This paper discusses different instructional criteria that can be used to accommodate different styles of learning within a standards-based curriculum environment. Before the development of the various criteria, it is important to understand the nature and complexities of different learning styles and how these complexities are affected by the standards based curriculum. Learning styles It is important to realize that all people are different and also that their interior and exterior communication processes differ, often in a massive way.
The learning styles and message relayed by the teacher is interpreted in different ways by each student. However, by identifying certain traits about the methods used by people to learn, it has become possible to group certain styles under a common heading. The seven different styles of learning are: 1. Visual (Spatial): Use of images and pictures to understand 2. Aural (auditory-musical): Preference to use music and sound 3. Verbal (linguistic): Understanding by use of words, written and spoken 4.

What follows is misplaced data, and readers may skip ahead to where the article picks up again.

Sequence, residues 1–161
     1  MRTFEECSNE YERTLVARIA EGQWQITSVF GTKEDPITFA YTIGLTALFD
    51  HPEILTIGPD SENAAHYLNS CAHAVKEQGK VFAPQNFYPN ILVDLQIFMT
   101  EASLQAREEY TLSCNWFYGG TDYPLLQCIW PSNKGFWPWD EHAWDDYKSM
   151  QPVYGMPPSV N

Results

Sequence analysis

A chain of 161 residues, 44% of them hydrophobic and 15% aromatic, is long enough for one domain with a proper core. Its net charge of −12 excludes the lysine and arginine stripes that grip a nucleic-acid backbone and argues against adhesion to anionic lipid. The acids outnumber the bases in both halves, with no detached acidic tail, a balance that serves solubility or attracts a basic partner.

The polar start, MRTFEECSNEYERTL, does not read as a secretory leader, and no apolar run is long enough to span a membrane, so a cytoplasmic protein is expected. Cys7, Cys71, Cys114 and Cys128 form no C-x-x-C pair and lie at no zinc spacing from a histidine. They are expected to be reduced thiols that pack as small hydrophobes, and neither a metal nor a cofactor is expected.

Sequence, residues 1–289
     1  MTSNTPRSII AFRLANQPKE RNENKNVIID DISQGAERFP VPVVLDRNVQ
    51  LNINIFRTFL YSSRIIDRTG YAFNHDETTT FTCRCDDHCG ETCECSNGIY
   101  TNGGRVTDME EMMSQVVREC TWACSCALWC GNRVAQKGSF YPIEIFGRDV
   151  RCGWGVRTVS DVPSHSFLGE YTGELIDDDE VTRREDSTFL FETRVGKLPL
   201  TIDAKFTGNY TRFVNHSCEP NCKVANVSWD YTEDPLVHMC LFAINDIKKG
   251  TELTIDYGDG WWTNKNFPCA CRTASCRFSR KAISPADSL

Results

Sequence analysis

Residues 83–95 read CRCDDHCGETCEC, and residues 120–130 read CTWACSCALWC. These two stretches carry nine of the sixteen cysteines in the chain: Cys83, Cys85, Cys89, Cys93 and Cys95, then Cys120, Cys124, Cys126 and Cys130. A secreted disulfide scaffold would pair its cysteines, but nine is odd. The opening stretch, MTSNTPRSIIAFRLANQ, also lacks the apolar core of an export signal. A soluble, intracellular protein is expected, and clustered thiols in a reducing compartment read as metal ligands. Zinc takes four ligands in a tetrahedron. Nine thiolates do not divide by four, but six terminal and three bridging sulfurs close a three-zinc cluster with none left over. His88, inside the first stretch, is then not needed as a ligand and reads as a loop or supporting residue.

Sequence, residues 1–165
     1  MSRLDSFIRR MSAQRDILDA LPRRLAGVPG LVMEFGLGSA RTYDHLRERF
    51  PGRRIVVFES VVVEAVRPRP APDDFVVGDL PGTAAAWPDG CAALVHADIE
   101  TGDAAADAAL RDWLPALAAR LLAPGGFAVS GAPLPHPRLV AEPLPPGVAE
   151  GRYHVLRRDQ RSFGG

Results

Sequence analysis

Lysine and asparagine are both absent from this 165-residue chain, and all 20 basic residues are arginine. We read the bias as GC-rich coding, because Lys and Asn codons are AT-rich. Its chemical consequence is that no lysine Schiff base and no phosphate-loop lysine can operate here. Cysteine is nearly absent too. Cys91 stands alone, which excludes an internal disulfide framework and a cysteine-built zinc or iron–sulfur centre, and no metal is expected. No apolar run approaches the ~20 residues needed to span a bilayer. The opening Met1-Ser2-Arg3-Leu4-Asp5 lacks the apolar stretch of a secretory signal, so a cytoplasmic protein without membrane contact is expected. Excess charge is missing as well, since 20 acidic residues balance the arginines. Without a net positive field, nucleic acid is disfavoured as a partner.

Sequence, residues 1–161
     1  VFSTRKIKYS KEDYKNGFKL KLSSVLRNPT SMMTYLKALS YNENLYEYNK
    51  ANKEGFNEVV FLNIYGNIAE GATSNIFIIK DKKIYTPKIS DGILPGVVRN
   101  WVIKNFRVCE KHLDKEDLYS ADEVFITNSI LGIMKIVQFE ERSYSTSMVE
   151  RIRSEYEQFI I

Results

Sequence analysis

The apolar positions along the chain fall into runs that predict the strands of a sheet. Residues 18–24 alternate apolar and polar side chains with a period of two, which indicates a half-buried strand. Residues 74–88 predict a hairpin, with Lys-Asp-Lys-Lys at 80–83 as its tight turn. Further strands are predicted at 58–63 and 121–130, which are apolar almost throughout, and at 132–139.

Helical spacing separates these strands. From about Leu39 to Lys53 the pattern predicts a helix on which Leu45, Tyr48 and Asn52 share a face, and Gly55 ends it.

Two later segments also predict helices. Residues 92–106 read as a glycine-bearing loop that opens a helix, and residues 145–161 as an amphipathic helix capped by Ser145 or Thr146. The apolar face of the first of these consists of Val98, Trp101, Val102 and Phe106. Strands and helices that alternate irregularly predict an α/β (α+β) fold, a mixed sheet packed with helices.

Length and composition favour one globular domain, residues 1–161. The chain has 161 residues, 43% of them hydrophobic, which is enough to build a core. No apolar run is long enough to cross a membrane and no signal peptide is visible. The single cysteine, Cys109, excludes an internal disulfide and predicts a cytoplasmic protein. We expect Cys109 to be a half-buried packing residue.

Physical (Kinesthetic): Preferring to use your body and hands and getting a sense of touch 5. Logical (Mathematical): Understanding through use of logic and systems and sound reasoning 6. Social (interpersonal): Learning in a group environment and in the presence of others 7. Solitary (intrapersonal): Preference of self study and working alone (Overview of learning styles) The problem of different learning styles becomes even more pronounced in a global environment where people of different cultural, ethnic and religious backgrounds are seated in a single classroom.
For instance, Japanese people are known to possess very strong mathematical skills so probably they would prefer a logical/mathematical style of teaching, whereas for Americans, social style of teaching might be more preferable. The problems associated with different learning styles It becomes very stressful for teachers to adopt different teaching styles for different students. If a person’s nature is such that the person prefers to teach using one style and then has to switch due to lack of effective communication, it may become very difficult for most teachers.